The United States Navy: 200 Years

Edward L. Beach, Jr., Author Henry Holt & Company $24.95 (564p) ISBN 978-0-03-044711-2
As the author shows in this affectionate but balanced account, naval history before 1941 was largely a matter of growth and development, with only sporadic fighting (less than 60 hours of actual naval warfare, he estimates). Although he has much to say of interest about the formative years, it is generally by way of introduction to his vigorous account of the navy in World War II, when the navy was severely tested and stretched to the limit of its resources. The focus throughout is more on technical innovation and reform than battle tactics, and Beach introduces all of the key figures. Among them: Admiral William Sims, who brought about a quantum leap in the navy's offensive power in the late 19th century; Lt. Commander Dudley Morton, instrumental in the development of torpedoes that worked (in 1942 the failure rate was over 90% ); and Commander Joseph Rochefort who, in his indirect contribution to the victory at Midway, ""made more difference, at a more important time, than any naval officer in history.'' Beach wrote Run Silent, Run Deep. Photos not seen by PW. Author tour. (May 19)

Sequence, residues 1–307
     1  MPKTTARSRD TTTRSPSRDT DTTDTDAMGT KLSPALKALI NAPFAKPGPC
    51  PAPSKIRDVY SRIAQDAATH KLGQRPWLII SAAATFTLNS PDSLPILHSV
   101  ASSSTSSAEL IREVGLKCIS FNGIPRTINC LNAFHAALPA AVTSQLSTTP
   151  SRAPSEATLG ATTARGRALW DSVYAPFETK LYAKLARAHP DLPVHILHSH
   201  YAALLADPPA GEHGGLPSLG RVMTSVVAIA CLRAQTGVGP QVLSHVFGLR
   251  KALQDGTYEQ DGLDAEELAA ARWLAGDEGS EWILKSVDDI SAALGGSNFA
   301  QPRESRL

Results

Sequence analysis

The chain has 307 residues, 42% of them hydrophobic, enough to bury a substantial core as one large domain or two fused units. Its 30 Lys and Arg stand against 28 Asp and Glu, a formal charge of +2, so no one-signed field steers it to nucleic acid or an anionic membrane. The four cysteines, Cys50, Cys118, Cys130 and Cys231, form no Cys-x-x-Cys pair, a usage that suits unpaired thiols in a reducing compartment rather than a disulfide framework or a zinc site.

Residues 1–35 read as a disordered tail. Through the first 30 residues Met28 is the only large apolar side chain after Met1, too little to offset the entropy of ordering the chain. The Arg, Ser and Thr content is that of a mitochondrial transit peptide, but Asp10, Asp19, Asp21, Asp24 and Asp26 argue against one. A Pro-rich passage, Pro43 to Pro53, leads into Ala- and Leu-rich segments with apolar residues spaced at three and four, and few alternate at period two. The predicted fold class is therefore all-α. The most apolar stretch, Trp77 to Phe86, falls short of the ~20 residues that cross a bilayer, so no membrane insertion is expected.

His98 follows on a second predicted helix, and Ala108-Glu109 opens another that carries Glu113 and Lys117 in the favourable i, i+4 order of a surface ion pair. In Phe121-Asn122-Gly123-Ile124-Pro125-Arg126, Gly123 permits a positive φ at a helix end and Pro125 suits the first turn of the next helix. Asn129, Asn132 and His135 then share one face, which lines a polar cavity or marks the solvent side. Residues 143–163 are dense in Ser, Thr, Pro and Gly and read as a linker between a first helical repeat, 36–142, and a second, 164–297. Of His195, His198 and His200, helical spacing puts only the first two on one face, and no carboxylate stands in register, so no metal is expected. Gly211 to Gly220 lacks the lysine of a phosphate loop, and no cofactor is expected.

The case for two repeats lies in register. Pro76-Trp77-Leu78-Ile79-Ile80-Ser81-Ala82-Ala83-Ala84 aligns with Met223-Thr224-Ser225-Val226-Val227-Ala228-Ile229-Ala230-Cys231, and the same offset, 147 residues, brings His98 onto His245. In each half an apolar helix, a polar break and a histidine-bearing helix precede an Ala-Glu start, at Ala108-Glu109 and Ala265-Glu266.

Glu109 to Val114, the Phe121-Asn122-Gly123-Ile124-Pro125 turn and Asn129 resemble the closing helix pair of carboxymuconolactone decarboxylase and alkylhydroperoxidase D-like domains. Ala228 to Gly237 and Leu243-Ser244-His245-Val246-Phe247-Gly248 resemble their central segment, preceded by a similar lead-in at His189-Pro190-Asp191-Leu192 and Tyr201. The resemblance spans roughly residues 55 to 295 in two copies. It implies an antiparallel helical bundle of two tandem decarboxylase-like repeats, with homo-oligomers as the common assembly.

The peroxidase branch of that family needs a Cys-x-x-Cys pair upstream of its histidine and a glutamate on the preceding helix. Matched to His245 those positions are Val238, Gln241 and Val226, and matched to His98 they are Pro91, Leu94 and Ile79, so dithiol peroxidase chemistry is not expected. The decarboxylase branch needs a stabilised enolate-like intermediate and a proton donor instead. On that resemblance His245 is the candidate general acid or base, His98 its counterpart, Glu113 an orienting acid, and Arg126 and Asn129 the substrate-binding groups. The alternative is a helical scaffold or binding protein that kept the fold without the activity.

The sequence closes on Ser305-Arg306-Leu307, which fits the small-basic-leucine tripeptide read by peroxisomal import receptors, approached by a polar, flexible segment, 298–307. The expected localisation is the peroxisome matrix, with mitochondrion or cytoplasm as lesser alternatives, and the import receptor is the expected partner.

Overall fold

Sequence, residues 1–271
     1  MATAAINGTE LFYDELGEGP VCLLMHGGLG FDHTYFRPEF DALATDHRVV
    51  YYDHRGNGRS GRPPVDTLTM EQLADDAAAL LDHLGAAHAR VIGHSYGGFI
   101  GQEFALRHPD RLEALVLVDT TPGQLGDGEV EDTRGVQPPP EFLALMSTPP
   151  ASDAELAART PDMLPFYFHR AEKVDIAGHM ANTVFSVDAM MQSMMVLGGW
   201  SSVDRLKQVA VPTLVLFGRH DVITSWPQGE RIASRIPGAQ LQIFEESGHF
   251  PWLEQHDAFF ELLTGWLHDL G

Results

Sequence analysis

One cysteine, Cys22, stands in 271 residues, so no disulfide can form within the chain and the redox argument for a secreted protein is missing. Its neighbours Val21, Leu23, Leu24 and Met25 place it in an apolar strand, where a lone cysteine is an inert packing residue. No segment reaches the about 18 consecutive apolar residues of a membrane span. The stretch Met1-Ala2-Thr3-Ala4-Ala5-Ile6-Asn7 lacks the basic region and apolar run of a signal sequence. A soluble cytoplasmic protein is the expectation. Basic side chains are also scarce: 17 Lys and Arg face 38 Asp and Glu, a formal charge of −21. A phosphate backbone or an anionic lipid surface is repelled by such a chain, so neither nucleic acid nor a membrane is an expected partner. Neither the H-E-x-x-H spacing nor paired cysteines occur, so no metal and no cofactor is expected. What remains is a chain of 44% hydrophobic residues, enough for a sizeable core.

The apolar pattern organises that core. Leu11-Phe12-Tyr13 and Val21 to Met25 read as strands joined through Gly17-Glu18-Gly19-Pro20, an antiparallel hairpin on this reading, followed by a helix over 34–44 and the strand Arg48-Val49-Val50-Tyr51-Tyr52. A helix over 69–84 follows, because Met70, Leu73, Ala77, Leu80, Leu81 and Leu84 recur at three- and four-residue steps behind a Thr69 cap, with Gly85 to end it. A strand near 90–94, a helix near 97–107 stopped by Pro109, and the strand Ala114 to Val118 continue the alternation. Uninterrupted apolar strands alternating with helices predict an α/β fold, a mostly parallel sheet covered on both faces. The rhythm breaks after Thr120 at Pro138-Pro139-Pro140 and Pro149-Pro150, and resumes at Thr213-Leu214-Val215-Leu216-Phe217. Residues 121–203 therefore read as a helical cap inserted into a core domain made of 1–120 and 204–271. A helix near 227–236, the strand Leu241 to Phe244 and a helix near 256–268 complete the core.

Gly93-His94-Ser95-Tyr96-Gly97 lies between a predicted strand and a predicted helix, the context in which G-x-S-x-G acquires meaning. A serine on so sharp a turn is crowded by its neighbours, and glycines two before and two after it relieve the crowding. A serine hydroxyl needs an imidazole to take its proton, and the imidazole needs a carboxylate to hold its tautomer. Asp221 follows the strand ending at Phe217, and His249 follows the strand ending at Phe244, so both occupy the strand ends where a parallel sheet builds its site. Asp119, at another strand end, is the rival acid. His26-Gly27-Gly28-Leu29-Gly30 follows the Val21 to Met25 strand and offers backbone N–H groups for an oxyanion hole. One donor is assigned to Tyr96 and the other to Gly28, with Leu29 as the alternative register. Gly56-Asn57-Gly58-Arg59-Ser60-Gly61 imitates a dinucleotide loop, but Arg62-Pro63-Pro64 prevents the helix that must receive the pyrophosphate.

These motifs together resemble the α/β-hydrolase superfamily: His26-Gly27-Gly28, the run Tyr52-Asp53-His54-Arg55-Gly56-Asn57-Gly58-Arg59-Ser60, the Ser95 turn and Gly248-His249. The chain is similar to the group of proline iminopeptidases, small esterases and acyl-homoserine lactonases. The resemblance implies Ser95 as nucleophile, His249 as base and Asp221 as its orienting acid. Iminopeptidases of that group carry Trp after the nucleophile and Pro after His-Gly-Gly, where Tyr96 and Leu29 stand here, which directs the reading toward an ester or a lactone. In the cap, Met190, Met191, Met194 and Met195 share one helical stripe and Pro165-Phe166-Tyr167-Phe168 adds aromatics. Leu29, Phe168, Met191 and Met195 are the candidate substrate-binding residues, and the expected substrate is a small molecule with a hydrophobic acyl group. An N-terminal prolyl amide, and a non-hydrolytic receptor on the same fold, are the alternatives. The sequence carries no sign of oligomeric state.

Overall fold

Reviewed on: 04/01/1986
Release date: 04/01/1986
Paperback - 978-0-395-43289-1
Paperback - 564 pages - 978-0-395-55996-3
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